In its analysis the paper makes the mistake of assuming the ideological expressions of certain participants can be successfully generalised. A particularly egregious example of this is “Reflecting this ethos, one participant urged others to join in by saying “If we can destroy Scientology, we can destroy whatever we like. The world will be but our plaything.” The reason I call this egregious is because of the irony that this paper tries to find points of group solidarity while ignoring the single obvious uniting factor – namely the CoS itself as discussed above.

    The problem can be most clearly seen in the section discussion chanology’s origins. The paper writes:
    Early participants in project Chanology were intensely involved in online communities hosted at 4chan. Amongst other functions, this site was both the source of many internet memes, and a figurative trophy case for 4channers who prided themselves on their capacity and success at trolling, intimidating, and harassing others. Though hardly a noble qualification, 4channers, and by extension Chanologists, were battle hardened veterans of online warfare and masters of the dark art of trolling. Like gangsters turned cops, those participating in Chanology harnessed that creativity and knowledge, channeling it into a successful movement strategy.

    While there were certainly channers who continued their participation as chanology transitioned from its 4chan origins, by ignoring the influx of non-channer participants the paper misses a crucial point. The influx of new personnel brought both new focus and new ideas, and resulted in chanology moving to areas beyond the vision of its founding channers. By ignoring this the paper incorrectly concludes that the ‘out-flanking’ of the CoS was solely grounded in the 4chan trolling culture. This is grossly inaccurate, and is the type of mistake the paper makes by incorrectly assuming ideological comments can be extrapolated to reflect the group (and even assuming a ‘group’ is dubious).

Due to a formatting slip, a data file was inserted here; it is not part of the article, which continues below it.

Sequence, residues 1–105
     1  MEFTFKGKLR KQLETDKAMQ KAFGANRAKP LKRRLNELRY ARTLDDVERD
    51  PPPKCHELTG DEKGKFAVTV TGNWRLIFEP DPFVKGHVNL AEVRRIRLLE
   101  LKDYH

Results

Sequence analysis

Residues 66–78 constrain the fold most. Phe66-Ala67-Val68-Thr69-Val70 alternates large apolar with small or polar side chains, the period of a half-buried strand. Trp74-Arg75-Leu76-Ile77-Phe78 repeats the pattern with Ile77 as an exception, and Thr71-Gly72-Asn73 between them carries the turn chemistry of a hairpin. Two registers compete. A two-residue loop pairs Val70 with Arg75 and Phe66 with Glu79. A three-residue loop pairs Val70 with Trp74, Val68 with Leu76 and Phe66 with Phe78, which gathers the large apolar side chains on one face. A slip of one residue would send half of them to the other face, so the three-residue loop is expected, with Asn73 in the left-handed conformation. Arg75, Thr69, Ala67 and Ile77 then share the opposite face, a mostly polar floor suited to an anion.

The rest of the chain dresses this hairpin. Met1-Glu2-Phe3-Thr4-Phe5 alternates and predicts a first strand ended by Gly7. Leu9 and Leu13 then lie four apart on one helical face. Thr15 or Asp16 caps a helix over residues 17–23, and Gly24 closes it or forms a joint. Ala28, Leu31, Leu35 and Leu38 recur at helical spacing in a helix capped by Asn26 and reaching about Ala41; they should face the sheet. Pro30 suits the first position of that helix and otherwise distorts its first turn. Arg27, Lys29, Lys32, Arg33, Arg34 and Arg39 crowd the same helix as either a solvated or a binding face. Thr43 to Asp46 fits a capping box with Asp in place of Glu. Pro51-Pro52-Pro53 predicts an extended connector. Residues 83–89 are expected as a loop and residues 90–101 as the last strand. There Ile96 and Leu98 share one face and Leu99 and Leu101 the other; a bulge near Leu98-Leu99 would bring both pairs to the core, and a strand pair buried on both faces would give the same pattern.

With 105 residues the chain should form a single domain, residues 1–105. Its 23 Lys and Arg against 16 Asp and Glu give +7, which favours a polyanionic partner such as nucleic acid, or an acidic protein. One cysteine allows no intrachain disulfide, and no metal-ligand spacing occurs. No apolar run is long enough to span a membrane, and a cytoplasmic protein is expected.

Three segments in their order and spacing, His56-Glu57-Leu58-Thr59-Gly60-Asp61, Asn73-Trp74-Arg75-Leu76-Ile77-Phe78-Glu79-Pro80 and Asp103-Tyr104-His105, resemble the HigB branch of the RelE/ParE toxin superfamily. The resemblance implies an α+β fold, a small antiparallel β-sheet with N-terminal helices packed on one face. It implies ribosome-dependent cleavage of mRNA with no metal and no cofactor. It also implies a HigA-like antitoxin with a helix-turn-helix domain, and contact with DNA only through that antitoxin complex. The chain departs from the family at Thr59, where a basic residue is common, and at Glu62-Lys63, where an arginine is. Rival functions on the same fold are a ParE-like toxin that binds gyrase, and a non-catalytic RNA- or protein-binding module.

Chanology began as 4chan fucking with the CoS. It grew and developed from that into what chanology is today. A substantial guiding force in that development was in response to the nature of the CoS. Analysing chanology in any capacity without taking this into account misses a great deal. By doing so the paper is deriving explanations based on group dynamics that aren’t reflective of how chanology really operates.
  24. Anonymous Member

    Re: ‘The Internet is Here’ - iConference 2011

    Agreed. It would be really great to see their presentation. Wonder if someone local could inquire about access to record it for the net, or if the authors could be encouraged to do so themselves.
  25. Anonymous Member

    Re: ‘The Internet is Here’ - iConference 2011

    Are you one of the paper's authors?
  26. Anonymous Member

    Re: ‘The Internet is Here’ - iConference 2011

    my chanology is mine.
  27. Anonymous Member

    Re: ‘The Internet is Here’ - iConference 2011

    I like the paper and I think the authors have a better idea of how it works than most.

    I'd say your cell is rather unique in this respect - is it mostly OG?
  28. Anonymous Member

    Re: ‘The Internet is Here’ - iConference 2011

    A few points for consideration.

    1. Although written by sociologists, the audience for this piece is the IT crowd. What you're looking for has been well covered by Coleman and Dibbel (separately).

    2. I was here in early 2008. The paper, entitled, "‘The Internet is Here’: Emergent Coordination and Innovation of Protest Forms in Digital Culture" is focusing on the unique interactions and social movement that are made capable by digital culture, etc.